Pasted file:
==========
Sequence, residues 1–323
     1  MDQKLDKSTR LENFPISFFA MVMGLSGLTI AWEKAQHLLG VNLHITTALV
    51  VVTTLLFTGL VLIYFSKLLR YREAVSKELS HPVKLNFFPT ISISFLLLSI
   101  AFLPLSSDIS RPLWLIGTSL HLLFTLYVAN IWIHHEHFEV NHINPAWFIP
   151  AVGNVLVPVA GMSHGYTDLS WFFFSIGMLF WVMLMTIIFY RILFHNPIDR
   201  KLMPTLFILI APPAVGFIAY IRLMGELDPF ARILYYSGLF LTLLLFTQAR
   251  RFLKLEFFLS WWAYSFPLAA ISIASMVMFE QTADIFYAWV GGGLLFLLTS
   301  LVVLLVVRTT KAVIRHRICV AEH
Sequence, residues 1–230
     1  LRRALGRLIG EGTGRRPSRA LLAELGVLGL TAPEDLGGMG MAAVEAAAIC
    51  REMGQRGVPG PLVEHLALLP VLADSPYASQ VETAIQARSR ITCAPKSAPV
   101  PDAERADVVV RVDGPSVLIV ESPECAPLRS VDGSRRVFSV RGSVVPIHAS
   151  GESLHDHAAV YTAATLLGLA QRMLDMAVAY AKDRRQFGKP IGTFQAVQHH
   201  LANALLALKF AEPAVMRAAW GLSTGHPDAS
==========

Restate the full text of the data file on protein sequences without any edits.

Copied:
Sequence, residues 1–323
     1  MDQKLDKSTR LENFPISFFA MVMGLSGLTI AWEKAQHLLG VNLHITTALV
    51  VVTTLLFTGL VLIYFSKLLR YREAVSKELS HPVKLNFFPT ISISFLLLSI
   101  AFLPLSSDIS RPLWLIGTSL HLLFTLYVAN IWIHHEHFEV NHINPAWFIP
   151  AVGNVLVPVA GMSHGYTDLS WFFFSIGMLF WVMLMTIIFY RILFHNPIDR
   201  KLMPTLFILI APPAVGFIAY IRLMGELDPF ARILYYSGLF LTLLLFTQAR
   251  RFLKLEFFLS WWAYSFPLAA ISIASMVMFE QTADIFYAWV GGGLLFLLTS
   301  LVVLLVVRTT KAVIRHRICV AEH
Sequence, residues 1–230
     1  LRRALGRLIG EGTGRRPSRA LLAELGVLGL TAPEDLGGMG MAAVEAAAIC
    51  REMGQRGVPG PLVEHLALLP VLADSPYASQ VETAIQARSR ITCAPKSAPV
   101  PDAERADVVV RVDGPSVLIV ESPECAPLRS VDGSRRVFSV RGSVVPIHAS
   151  GESLHDHAAV YTAATLLGLA QRMLDMAVAY AKDRRQFGKP IGTFQAVQHH
   201  LANALLALKF AEPAVMRAAW GLSTGHPDAS